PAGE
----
Not the usual suspects.

Last weekend, about an hour before sunset, the touristy end of Seattle's waterfront was packed with its usual crowd of summer characters: fatigued-looking fathers in sandals fielding repeated requests from small children who wanted ice cream, plump ladies in flip-flops hauling themselves into bicycle taxis, a young white man strumming a guitar for spare change, an older black man blowing a trumpet for the same reason, and the inevitable grimy-looking kids with backpacks and cardboard signs asking for donations, most of them wearing worn-down boots and ripped-up black denim decorated with beer bottle caps and faded patches with the names of bands.

Two of those apocalyptic-looking kids loitered at Waterfront Park, the next pier over from the new Ferris wheel. One of them stood at a railing, gazing intently across Puget Sound. The other sat on a wood pallet, trying to pull off a boot. The only notable difference between them and the other waterfront vagabonds was their slightly cleaner fingernails and their audience—a few dozen people sitting in folding chairs in the fading sunlight. The boot-puller (wearing a hunting cap with earflaps) stopped, sighed, and said: "Nothing to be done." The sea-gazer (wearing a cap with tattered cloth taped on the back to protect his neck from the sun) turned and said: "I'm beginning to come round to that opinion."

With that, Waiting for Godot, the second annual show by Arts on the Waterfront, had begun. The actors stuck closely to the text, but the show looked and felt different than other Godots. The actors were young. And they weren't wearing the required bowler hats. That, explained AOTW artistic director Mickey Rowe, was in direct violation of the wishes of the Samuel Beckett estate. But the company (whose first production last summer was a two-person Romeo and Juliet) didn't want to produce another spare, theater-in-a-vacuum-style Waiting for Godot. AOTW performs on the waterfront because it wants to absorb all the energy, noise, and chaos of the city. (Its website credits "the city of Seattle and sunset" for lighting design.) The goal, Rowe said, is to "create a reality where some people might believe: 'Oh yes, this scene could be happening right now, without an audience, somewhere else on the pier."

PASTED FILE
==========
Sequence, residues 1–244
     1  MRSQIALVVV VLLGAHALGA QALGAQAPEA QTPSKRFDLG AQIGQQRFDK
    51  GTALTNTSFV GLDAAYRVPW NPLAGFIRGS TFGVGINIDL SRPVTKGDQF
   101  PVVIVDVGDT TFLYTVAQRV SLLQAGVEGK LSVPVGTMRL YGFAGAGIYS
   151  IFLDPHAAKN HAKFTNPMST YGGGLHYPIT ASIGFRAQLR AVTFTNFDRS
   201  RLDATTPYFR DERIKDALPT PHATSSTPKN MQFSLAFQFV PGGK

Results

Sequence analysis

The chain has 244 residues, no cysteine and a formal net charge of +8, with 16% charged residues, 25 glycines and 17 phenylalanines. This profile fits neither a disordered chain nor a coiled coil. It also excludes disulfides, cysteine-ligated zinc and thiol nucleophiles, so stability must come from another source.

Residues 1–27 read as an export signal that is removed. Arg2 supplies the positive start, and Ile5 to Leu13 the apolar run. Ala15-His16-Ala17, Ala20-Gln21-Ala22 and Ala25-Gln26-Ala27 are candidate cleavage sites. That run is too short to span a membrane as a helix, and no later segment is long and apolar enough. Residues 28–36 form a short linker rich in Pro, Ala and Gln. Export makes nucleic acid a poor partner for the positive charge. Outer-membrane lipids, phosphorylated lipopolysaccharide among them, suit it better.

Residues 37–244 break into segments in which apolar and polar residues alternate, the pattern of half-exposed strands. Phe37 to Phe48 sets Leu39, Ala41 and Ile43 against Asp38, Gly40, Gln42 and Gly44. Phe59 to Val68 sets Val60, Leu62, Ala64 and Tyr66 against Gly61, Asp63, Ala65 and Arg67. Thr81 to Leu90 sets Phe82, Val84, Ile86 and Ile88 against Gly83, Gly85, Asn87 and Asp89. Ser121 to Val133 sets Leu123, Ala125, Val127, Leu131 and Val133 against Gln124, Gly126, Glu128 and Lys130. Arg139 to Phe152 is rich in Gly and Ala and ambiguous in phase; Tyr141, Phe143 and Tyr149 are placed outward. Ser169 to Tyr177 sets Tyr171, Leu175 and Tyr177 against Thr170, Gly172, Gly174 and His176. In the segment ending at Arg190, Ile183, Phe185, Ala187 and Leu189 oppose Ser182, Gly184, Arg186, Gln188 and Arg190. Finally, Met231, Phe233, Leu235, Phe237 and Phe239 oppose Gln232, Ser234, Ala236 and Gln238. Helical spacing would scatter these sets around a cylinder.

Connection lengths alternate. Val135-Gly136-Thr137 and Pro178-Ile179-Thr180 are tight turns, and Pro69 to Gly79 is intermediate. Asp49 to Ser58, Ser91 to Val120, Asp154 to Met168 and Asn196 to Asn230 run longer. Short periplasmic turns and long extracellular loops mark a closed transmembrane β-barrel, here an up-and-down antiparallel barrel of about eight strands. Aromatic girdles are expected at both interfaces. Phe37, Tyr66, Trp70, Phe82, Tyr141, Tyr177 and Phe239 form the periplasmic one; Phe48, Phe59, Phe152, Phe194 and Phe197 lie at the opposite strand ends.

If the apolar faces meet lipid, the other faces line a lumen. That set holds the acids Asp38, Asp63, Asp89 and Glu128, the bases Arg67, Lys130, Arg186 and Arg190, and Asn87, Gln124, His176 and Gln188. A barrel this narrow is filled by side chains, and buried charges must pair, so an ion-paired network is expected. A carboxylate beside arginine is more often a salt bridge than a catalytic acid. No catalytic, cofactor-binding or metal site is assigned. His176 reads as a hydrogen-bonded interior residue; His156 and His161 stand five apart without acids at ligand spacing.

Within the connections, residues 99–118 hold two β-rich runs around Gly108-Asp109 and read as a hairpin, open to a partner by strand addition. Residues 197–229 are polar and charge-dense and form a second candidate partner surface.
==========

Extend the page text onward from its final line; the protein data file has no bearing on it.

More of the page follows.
Those changes are small, almost insignificantly cosmetic—as is the decision to have the cruel Pozzo, who shows up with one of his slaves, smoke a glass pot pipe instead of a tobacco pipe—but they shift the way the play lands. Beckett's tramps still talk about their empty stomachs, their aching feet, how bad they smell, their sores and diseases, and whether this mystery man named Godot will ever show up and save them from their stasis. But AOTW's small, stubborn insistence that Godot happen here and now gives the play a new jolt of electricity.

The two young tramps (Jay Myers as Vladimir and Spencer Hamp as Estragon) still have a few scraps of the mannered, stiff stage presence that afflicts almost all new actors. But they casually nailed the jokes about being so bored and so always-slightly uncomfortable that even suicide sounds like a pleasant distraction: "What do we do now?" asked the more serious Vladimir. "Wait," shrugged the more puppy-dog Estragon. "Yes, but while waiting." "What about hanging ourselves?" "Hmm. It'd give us an erection." "An erection!... Let's hang ourselves immediately!" But the nearest tree branch looks weak and Godot might show up. "Don't let's do anything," they concluded. "It's safer."

Soon, Pozzo (an amiable yet sinister Ben Phillips, who looks like a suburban drug dealer who's trying to look like Kevin Federline) showed up with his pot pipe, his chicken leg, and his slave named Lucky (Nate Pringle, whose military fatigues and scrambled manner make him seem like a shell-shocked veteran of the recent wars in Iraq and Afghanistan) to help them pass the time.

In AOTW's rebelliously updated Godot, the two homeless punks are patron saints of inertness—they talk for hours about not doing anything, not saying anything, not noticing anything, not knowing anything. They're pathetic, but at least they have the power to make choices (even if they don't use it very often). Lucky, the addled veteran (and perhaps drug addict?), is forced to do things by the greedy Pozzo, who is himself a slave to his own desires. In the end, the tramps are still stuck in a purgatory of their own making that is endlessly frustrating, and never so excruciating that it gets interesting. But, as if by magic, they keep our attention. recommended